This design element was a major feature of the project, and had the possibility of significant impact on the construction schedule, as well as the possibility of many unintended consequences. The interior portion of the tube steel, used to develop the cantilever, interrupted the normal locations for ductwork and sprinkler piping. Further, the impact of interior uplift in the floor structure as a result of the cantilever was a considerable concern. This was a highly atypical force to anticipate and contend with and required unique design of the floor truss system. The uplift concern was further evaluated to acknowledge that it would increase incrementally as construction activities added components to create the finished balcony. Adequate structural resistance to the uplift was crucial, to ensure that it did not cause a noticeable rise in the finish floor or damage to the cementitious gypsum underlayment.

The Solution

Harkins embraced this challenge as an opportunity. While excavation was still underway for the underground parking facility, a mock-up of the balcony system and a good portion of a typical unit was constructed in a barn belonging to the framing subcontractor – the first of many mock-ups on this job. The balcony mock-up went through many iterations as different elements were studied or added, including:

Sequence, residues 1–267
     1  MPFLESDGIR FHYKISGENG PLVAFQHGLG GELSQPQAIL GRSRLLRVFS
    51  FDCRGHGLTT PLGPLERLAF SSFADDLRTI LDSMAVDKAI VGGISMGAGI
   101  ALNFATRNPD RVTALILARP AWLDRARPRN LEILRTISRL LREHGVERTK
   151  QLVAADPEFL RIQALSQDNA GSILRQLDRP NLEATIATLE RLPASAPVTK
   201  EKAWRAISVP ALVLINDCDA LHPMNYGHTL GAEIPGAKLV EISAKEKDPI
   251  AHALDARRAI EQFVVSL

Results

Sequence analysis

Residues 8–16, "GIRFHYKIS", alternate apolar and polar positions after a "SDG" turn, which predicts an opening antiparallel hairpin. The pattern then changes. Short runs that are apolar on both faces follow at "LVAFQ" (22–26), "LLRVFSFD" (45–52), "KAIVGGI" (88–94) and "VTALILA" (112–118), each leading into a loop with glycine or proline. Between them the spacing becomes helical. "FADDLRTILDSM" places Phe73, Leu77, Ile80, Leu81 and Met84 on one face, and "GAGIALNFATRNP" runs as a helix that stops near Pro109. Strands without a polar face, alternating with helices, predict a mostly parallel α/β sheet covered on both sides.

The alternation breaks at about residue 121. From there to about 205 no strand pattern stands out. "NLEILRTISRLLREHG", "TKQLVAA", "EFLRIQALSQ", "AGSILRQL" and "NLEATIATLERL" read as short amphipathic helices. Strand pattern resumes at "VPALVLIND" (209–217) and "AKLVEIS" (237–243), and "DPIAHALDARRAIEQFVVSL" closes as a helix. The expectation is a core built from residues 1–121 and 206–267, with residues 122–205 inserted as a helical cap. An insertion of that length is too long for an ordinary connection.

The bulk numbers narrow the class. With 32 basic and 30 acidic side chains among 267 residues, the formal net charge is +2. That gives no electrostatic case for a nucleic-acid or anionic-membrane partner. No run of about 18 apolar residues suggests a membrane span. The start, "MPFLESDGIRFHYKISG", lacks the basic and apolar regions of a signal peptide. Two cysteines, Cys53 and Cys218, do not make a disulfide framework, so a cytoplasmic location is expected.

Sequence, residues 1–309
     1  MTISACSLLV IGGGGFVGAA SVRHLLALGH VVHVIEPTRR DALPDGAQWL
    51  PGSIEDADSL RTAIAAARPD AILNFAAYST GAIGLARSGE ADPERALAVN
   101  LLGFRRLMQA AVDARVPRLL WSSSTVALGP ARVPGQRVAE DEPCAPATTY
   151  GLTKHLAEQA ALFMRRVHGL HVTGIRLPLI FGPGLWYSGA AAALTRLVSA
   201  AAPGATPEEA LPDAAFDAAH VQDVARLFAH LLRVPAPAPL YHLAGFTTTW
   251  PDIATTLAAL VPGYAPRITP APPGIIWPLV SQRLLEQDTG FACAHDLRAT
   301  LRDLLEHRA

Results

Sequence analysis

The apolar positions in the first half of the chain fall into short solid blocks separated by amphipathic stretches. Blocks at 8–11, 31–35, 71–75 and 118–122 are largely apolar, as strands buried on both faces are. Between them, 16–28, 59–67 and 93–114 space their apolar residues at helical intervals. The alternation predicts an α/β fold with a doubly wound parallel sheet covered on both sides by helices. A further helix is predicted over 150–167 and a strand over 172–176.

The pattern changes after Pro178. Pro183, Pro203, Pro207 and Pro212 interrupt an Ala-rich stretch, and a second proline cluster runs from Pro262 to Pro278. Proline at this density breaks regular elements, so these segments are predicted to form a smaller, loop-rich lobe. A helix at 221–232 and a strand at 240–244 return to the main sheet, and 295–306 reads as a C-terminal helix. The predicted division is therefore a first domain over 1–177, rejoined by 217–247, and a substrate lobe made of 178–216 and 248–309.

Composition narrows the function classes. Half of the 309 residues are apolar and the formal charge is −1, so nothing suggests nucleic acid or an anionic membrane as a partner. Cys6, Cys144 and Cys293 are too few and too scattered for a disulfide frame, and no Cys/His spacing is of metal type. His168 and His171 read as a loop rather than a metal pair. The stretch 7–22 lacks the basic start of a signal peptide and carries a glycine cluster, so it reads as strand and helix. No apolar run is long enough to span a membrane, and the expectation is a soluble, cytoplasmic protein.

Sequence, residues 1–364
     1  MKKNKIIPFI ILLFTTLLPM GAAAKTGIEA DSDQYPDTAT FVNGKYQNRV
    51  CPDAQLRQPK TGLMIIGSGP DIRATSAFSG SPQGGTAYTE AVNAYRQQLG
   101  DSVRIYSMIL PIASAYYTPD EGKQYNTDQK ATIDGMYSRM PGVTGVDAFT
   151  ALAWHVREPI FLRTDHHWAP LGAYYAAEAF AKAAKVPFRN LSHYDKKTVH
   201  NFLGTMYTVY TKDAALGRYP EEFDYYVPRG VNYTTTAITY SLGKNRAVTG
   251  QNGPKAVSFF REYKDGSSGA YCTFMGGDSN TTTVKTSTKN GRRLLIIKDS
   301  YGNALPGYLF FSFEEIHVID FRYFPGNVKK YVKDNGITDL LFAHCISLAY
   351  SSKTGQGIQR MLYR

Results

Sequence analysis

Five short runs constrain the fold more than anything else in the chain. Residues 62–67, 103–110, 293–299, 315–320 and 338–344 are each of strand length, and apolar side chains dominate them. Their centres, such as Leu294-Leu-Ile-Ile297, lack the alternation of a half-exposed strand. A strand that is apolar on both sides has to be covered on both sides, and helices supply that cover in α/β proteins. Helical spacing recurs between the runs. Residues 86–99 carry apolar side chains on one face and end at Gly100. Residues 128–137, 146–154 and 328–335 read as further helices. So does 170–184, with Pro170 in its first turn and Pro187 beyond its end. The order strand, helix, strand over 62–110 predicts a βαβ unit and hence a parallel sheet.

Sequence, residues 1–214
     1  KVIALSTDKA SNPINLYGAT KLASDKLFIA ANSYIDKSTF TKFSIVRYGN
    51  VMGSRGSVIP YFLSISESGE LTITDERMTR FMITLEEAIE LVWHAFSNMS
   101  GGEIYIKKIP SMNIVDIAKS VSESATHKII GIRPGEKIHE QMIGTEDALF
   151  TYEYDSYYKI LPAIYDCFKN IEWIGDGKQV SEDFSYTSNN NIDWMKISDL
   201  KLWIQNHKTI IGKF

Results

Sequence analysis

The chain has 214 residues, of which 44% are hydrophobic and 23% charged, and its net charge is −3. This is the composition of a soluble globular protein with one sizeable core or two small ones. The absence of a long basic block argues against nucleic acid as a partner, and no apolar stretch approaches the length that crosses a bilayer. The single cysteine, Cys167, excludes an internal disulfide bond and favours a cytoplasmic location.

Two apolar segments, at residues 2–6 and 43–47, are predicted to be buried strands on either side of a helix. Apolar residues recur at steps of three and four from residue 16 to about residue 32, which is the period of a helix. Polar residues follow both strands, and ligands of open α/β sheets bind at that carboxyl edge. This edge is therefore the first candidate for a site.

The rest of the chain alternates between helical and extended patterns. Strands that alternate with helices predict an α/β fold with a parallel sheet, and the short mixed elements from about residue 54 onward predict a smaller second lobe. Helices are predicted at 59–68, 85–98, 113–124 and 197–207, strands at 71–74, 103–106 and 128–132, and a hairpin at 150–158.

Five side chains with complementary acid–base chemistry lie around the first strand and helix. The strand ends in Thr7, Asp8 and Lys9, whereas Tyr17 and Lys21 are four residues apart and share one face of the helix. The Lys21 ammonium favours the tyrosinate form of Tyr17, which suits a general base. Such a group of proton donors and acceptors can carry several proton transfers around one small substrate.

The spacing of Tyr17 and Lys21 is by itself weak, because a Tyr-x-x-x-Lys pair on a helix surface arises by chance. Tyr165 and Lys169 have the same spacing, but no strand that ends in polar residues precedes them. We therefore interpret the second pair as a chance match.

• Supporting columns that were incorporated in the exterior walls
  • Internal supply ductwork
  • Bathroom, range hood, and dryer exhaust penetrations, which were all required in the wall surface and needed adequate separation and distance from operable windows and doors
  • Support for the sliding glass door
  • Waterproofing details where the steel would would penetrate the metal panel skin

Construction sequencing was an important part of the entire consideration. The structural engineer advocated stacking the steel channels on laminated wood columns, in order to most directly transfer the weight to the foundation. This requirement caused interference with the connection of the door headers and would have required that the steel tube be placed in the framing sequence, an operation that had the potential to significantly slow the carpenter down and add time to the construction sequence.

The Results

The results of the mock-up exercise allowed the expedient framing of the building and the installation of the steel tubes with minimal further carpentry required after their placement. In all but the most unique units, all production work for the mechanical, electrical and plumbing trades was installed in a well-coordinated fashion and a logical sequence, with a high rate of production that resulted from the knowledge developed. Savings were realized in both construction time and cost because the work was installed correctly the first time, and a consistent and attractive balcony system was installed that complemented the aesthetic characteristics of the building’s design.